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California Department of Transportation
Headquarters - Public Affairs Office
April 4, 2006
NATIONAL WORK ZONE AWARENESS WEEK IS NOW UNDERWAY
California strives to continue its downward trend of work zone fatalities
The California Department of Transportation (Caltrans) announces that National Work Zone Awareness Week began yesterday and will continue through Saturday, April 8. Caltrans is hoping that by bringing awareness to work zone safety, California will continue its downward trend of fatalities.
According to California Highway Patrol (CHP) crash data, the number of collisions, injuries and deaths involving motorists in highway work zones is falling. CHP records show a 35 percent decrease in motorists’ deaths in California work zones since 1999. The number of work zone collisions dropped in California from about 6,400 to approximately 4,100 in 2004. Fatalities decreased from 54 to 35 in the same span. Unfortunately, deaths in work zones across the country – outside of California – is on the increase. A total of 1,068 Americans died in work zone accidents during 2004, according to the Federal Highway Administration, up from 1,028 the year before.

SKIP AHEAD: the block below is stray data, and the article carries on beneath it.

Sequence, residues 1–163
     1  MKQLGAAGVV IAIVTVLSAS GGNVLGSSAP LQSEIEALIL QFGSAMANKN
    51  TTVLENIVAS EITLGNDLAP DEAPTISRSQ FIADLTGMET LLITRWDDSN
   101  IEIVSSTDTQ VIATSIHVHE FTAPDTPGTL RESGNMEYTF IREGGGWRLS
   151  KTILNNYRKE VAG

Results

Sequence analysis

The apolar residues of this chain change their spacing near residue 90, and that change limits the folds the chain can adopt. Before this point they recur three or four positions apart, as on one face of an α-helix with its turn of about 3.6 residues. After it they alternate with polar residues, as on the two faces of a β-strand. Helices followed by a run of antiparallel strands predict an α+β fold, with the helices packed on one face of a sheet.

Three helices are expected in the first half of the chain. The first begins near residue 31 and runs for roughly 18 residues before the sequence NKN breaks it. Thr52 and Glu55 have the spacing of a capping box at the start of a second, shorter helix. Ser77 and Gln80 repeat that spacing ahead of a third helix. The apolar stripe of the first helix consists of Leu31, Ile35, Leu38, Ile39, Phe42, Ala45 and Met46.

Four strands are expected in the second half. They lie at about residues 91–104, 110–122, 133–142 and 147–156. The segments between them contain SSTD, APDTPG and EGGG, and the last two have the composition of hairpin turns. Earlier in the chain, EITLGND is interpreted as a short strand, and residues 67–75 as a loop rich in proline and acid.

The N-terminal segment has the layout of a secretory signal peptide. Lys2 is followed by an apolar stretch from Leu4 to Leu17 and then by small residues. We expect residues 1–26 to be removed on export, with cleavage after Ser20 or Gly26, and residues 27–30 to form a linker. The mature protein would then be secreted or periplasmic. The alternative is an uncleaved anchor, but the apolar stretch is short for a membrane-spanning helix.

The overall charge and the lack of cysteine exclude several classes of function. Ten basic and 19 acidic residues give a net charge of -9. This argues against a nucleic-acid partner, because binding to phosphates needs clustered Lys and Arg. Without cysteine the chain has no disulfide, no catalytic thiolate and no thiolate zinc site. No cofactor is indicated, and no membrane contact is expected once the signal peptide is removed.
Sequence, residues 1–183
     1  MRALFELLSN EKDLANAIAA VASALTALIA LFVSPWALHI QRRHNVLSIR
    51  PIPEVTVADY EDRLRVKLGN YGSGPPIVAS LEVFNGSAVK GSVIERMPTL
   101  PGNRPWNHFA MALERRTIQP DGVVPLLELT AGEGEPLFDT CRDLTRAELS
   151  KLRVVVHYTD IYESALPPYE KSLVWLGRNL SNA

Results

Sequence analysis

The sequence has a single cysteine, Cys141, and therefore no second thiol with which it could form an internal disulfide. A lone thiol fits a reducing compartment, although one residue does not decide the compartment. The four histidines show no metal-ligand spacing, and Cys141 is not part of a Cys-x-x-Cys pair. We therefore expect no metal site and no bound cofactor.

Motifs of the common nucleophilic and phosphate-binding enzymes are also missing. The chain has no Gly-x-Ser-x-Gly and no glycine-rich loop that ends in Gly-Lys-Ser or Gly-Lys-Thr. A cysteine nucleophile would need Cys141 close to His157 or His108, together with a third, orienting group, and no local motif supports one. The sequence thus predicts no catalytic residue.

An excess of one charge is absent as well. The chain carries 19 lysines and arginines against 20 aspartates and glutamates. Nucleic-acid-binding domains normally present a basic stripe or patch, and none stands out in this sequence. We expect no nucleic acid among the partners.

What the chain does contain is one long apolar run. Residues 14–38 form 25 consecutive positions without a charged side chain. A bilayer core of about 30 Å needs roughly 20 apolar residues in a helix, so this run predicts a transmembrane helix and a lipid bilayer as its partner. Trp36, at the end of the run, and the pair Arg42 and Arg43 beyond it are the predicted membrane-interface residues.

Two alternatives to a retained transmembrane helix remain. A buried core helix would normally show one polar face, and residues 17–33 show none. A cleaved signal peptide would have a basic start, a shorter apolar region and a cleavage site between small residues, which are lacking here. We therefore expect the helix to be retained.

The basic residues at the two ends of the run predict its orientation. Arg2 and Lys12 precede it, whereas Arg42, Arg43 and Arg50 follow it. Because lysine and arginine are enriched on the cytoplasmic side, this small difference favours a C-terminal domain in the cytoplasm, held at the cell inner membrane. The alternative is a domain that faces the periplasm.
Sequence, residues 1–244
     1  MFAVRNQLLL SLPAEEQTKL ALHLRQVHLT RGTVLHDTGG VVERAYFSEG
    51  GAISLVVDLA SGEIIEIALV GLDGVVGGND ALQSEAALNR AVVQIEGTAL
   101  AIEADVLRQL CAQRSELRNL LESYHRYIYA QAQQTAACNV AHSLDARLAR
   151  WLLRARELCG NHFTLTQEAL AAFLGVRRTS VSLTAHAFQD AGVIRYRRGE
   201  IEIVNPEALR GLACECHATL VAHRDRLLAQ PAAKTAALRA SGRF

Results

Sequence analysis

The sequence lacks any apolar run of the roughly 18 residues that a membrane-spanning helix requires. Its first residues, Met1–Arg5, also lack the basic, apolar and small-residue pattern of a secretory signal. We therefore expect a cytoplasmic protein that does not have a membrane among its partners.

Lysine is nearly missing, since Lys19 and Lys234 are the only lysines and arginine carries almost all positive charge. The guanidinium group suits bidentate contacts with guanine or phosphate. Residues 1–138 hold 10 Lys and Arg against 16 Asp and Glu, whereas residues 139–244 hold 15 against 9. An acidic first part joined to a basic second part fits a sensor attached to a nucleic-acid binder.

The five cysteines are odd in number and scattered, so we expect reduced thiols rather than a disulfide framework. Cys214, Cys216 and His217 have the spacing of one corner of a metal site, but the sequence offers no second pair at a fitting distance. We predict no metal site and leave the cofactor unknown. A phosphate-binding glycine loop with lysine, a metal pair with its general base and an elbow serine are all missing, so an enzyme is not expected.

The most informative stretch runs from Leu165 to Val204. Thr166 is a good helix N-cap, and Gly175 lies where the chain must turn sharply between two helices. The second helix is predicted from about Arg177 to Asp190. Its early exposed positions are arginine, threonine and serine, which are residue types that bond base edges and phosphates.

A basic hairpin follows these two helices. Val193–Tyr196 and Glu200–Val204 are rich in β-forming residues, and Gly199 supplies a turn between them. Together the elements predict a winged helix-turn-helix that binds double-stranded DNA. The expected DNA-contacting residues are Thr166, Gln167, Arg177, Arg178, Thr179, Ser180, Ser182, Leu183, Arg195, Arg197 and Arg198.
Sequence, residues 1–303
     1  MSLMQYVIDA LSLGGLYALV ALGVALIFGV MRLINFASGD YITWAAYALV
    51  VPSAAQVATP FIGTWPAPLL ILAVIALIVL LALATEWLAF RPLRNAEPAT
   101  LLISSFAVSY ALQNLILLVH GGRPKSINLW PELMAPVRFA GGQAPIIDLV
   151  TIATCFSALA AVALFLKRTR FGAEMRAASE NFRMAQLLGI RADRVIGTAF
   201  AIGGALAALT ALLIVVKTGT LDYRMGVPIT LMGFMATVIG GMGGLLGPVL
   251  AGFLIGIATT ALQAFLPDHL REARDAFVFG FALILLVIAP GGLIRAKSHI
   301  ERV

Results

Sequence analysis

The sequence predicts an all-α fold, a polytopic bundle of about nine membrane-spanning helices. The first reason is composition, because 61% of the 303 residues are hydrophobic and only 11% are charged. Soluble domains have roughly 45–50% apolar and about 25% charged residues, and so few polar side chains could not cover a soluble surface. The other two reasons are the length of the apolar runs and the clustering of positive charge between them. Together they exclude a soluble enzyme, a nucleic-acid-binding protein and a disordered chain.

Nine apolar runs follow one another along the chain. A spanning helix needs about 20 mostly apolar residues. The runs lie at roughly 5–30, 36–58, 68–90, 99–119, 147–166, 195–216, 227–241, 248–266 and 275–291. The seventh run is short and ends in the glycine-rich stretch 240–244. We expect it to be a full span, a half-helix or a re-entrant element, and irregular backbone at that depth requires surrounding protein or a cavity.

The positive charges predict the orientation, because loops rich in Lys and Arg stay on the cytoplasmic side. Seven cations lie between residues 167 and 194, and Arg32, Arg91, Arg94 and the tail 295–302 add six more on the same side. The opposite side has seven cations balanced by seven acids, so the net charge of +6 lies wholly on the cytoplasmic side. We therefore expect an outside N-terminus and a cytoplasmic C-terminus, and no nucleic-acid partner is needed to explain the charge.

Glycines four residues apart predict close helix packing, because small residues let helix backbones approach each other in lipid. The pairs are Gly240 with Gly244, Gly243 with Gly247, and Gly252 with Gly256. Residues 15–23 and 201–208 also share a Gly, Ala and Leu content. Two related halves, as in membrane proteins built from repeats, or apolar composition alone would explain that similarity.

Caltrans credits its “Slow for the Cone Zone” public awareness campaign for helping to lower California’s work zone fatalities. “Slow for the Cone Zone” is designed to make drivers cognizant of workers in work zones and encourages them to ease off the gas pedal as they pass through.
“It is reasonable to think that our message is getting through,” said Caltrans Director Will Kempton. “This is good news for highway workers. However, it represents not an end, but a beginning to our efforts.”
During this year’s National Work Zone Awareness Week, the Federal Highway Administration is employing the theme, “Working at the Speed of Night” to emphasize both the benefits and the dangers of night construction and maintenance work. Caltrans often schedules night work as a way of decreasing the amount of traffic congestion that highway improvement work can cause. Traffic volumes are lower at night, but the danger to highway workers and motorists traveling in work zones remains high after the sun goes down.